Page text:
• VJ: fan management has a bif deal. it is not something that we are skilled with. As we socialise our content, we have a relationship. Some fans are really hard core..we have had to increase management 3x on message boards as the fans are not happy with the way the show is going. this puts off new people, who just want to chat. so how do we host conversations that are worthwhile and fun, this is causing some issues. There are use cases on other platforms, some want to just catch up, others want more immersive, others want to add fictions etc
  • PH: No, the goal is to reach audience where they are at.  fragmentation is what happens..it is to reach them, lots don’t watch TV, they want different behaviours. TS is to reach peple
  • DJ: what VJ is talking about is a central tension; how to leverage TS in a way that is managed. Central vs decentralised. It’s not about shutting down, but incorporating
  • PH: fostering the community allows them to play a part int he management – they can do things to regulate.
  • JM: is it the tension between control of property and the audience.  But what’s the tension between the various producers interest.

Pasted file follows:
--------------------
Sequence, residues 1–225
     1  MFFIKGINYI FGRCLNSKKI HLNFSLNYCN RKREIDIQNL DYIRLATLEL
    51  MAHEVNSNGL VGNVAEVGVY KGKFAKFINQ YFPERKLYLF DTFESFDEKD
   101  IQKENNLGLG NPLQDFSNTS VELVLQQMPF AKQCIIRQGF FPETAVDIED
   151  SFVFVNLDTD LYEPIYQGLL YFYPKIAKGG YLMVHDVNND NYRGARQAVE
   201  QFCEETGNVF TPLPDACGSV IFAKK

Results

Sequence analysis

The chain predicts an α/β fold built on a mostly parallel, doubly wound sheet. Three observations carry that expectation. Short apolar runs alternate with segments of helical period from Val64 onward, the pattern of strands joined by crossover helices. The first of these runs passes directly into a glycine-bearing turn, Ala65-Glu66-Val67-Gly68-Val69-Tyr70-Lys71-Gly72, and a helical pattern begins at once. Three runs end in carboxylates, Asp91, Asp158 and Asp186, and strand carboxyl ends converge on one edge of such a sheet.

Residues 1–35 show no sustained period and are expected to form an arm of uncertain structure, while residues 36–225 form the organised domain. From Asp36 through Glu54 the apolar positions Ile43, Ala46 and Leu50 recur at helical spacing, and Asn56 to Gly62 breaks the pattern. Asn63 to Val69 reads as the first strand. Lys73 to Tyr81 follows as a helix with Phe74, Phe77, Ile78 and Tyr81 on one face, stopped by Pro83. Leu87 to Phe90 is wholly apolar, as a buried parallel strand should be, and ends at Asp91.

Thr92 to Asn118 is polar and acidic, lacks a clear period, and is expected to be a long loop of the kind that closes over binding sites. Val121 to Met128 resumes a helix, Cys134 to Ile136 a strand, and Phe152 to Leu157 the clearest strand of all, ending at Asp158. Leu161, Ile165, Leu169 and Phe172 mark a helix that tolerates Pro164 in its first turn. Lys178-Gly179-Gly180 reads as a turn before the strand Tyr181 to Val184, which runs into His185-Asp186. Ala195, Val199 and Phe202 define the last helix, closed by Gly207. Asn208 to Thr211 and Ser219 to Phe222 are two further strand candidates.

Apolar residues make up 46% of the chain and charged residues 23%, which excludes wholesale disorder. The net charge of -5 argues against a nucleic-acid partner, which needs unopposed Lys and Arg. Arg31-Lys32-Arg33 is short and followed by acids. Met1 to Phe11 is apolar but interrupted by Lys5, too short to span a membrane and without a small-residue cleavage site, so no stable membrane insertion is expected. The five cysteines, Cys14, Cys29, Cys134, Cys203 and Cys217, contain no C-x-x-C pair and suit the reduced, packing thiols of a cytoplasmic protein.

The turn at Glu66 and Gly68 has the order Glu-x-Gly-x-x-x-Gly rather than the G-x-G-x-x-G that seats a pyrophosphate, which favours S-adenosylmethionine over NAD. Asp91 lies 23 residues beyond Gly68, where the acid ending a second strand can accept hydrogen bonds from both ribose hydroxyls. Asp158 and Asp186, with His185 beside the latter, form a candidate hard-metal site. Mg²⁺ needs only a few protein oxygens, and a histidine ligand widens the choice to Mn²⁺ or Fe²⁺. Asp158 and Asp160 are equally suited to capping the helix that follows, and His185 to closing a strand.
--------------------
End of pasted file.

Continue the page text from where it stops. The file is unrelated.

• MM: this a legal issue. Compromise is needed
  • BC: there’s no framework for it. If there’s a no risk attitude then it won’t work
  • MM: tension between audience and canon/created. In most cases it’s clear and most people move between OK.  But a lot of tension is between the creators/partners. I often come in via marketing. But you have partnerships, like with Gawker. So only Gawker could write content on Gawker, We had to create content for Gawker writers to write about.  It seemed Gawker were not prepared to deal with fans of the show..and there seemed to have been a lack of comms between marketing and editorial.  Content in advertising spaces – upset when advertising does not act like advertising.  It put off the fans – the story focused on Gawker and their attitude.  We shy away from it more..if media is creating content on behalf of advertisers.
  • BC: but independent is still full of lots of partners, creators, who are specialists, You need to get a whole load of people who would not necessarily work together. There is tension there as well
  • MM: on Blair Witch, we saw the need early to create a Bible, then handed it to licensors. Comic etc . When they added stories we would look at it to see if would be added to canon.